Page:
A - Back then not as much. Being kind of naive to it, I did get some pictures in some magazines. The magazines at the time were Hit Parader. I never got anything in Circus or Creem. Hit Parader had a couple in. We had a magazine in Chicago called Triad. So, I got a lot in that one. Back in those days you'd get like ten bucks and that was about it. I remember the first time I got a cover was Mick Jagger and these magazines were free. You'd go to a record store and they'd throw them in a pile up there. I never forgot when I saw my cover of Mick Jagger and there's five hundred copies of the magazine sitting at the front of the store. I'd go, "Hey, that's mine!" That was really cool. I started selling more in the 2000s to a lot of books and magazines. Then I started promoting it on my corporate website. I've been a corporate photographer since '79. So, I thought what the hell, I'll just try putting my concert pictures out there and see what happens. All of a sudden somebody finds it! Probably the biggest break I did was I contacted Wikipedia and fortunately Wikipedia is open to the public to use, but it got my name out there quite a bit. That's how people have been finding me. Of course I solicited as well. I didn't give Wikipedia my best Jagger or my best Zeppelin, but something to get my name out there. So that really helped. In the 2000s I've sold quite a bit.

Q - Are you able to sell prints of your photos at a museum?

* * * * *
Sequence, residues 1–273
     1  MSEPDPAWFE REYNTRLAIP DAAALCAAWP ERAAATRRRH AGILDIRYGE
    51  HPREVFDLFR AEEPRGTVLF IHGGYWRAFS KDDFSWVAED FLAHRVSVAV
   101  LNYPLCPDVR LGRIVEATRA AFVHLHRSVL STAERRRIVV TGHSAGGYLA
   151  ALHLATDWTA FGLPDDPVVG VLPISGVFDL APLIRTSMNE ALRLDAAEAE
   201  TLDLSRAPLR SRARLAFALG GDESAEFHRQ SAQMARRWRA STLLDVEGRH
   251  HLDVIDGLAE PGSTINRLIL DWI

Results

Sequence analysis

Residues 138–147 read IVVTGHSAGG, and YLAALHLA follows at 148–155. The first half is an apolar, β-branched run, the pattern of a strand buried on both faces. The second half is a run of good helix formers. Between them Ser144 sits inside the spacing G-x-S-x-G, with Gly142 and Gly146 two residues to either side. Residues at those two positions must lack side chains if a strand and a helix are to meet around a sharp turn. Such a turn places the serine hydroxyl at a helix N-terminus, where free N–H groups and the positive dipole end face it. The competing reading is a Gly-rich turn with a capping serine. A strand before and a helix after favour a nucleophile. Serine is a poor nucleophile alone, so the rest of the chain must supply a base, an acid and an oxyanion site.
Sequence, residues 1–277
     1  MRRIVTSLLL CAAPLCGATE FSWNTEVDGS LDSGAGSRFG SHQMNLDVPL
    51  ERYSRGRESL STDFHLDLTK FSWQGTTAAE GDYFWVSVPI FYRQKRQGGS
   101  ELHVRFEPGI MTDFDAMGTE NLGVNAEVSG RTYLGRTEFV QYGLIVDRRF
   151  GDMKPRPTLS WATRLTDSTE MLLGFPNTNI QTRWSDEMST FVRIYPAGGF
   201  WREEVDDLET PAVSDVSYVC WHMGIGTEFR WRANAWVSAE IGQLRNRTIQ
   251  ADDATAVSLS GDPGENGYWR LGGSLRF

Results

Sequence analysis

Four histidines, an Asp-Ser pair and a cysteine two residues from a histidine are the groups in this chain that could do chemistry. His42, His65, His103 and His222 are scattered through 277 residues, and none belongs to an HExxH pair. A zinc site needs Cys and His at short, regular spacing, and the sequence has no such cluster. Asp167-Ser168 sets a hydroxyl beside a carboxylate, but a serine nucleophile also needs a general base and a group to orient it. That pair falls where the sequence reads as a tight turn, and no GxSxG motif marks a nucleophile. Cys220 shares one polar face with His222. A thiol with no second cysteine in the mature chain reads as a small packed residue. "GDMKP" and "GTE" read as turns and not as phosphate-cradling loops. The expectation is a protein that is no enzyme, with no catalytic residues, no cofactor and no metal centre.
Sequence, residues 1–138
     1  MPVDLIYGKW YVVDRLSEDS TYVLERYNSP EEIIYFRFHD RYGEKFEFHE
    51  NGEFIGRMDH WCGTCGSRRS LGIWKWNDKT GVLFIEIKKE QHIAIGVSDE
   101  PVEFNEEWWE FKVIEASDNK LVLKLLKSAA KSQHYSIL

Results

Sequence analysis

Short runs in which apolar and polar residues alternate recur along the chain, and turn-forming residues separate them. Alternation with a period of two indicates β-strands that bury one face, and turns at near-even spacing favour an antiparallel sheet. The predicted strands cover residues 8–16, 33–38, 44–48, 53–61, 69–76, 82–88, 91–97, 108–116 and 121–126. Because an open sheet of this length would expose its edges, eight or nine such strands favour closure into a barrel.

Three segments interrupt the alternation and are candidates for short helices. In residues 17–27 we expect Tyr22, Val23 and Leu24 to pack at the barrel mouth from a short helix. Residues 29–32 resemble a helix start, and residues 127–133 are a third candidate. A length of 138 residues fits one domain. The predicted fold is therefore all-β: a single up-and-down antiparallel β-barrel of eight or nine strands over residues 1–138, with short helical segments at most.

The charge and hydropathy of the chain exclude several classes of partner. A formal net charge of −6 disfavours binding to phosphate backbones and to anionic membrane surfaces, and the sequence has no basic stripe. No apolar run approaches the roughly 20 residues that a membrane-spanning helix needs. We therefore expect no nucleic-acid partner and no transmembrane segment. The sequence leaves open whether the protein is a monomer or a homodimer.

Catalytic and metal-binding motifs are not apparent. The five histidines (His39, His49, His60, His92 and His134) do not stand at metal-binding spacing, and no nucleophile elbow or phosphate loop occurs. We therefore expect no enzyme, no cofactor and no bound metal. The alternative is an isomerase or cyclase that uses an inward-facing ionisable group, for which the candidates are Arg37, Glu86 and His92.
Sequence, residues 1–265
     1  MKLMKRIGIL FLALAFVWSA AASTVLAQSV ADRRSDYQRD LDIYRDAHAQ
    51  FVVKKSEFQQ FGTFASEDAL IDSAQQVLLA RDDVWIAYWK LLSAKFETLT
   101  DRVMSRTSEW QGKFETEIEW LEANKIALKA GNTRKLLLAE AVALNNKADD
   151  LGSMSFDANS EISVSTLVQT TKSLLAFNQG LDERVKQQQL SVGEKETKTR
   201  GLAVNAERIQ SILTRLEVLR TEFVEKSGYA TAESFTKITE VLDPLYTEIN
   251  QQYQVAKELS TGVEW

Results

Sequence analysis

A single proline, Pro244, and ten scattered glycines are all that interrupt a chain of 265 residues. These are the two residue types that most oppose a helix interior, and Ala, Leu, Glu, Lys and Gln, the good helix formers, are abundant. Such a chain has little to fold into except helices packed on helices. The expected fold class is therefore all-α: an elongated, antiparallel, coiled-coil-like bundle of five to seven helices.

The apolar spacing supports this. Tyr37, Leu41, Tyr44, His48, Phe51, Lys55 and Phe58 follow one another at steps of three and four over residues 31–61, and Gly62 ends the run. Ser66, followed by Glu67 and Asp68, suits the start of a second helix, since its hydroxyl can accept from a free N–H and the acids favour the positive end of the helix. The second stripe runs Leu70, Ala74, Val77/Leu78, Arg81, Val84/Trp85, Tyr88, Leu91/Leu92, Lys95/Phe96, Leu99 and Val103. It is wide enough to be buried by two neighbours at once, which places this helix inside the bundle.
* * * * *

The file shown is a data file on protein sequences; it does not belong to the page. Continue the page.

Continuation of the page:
A - Yeah. I could do it 'cause I own the copyrights. So you don't need permission. Since these people are celebrities, public figures, you don't need permission to sell their pictures. I could do that. I've sold pictures online. I don't charge an arm and a leg. I actually had one guy who said, "I'd like to have a 4x5 of every photo you have," and I said, "Well, I've got over a thousand. He said, "How much will you charge me for that?" I said, "Since you're ordering so many, how about $4 each?" He said, "Fine." I almost dropped the phone. I've got a printer and I printed them all myself. It probably cost me twenty cents to print each one. So that was my biggest sale to a private person. I asked him, "What are you going to do with a thousand pictures?" And he said he was "Making a collage for my rec room." But that was my biggest payday by far.

Q - You photographed Elvis, right?

A - Yes.

Q - How were you able to do that? Colonel Parker was pretty strict on who got close to Elvis, wasn't he? Was that one of the deals where three songs and you're out the door?

A - No. What happened with Flipside is they also had the ticket machine for all the concerts. If I couldn't get a backstage pass, which I couldn't get for The Stones or The Who, Elvis I got front row center. I'm not exaggerating. Front row center. In those days you could bring your camera in. So, I'd bring my camera with my telephoto and just shoot away. The photo pit was just right in front of front row. So, for the big acts I would get front row center, maybe second row on occasion, but I was right there. So, it always worked out.

Q - Did you get backstage for Zeppelin?

A - No. Just front row. I'll tell you who I got front row for, McCartney/Wings, Stones, The Who, Zeppelin and Elvis. Everyone else I got backstage.

Q - What were you doing before you started with Flipside? Were you in college? Were you taking a college course in photography?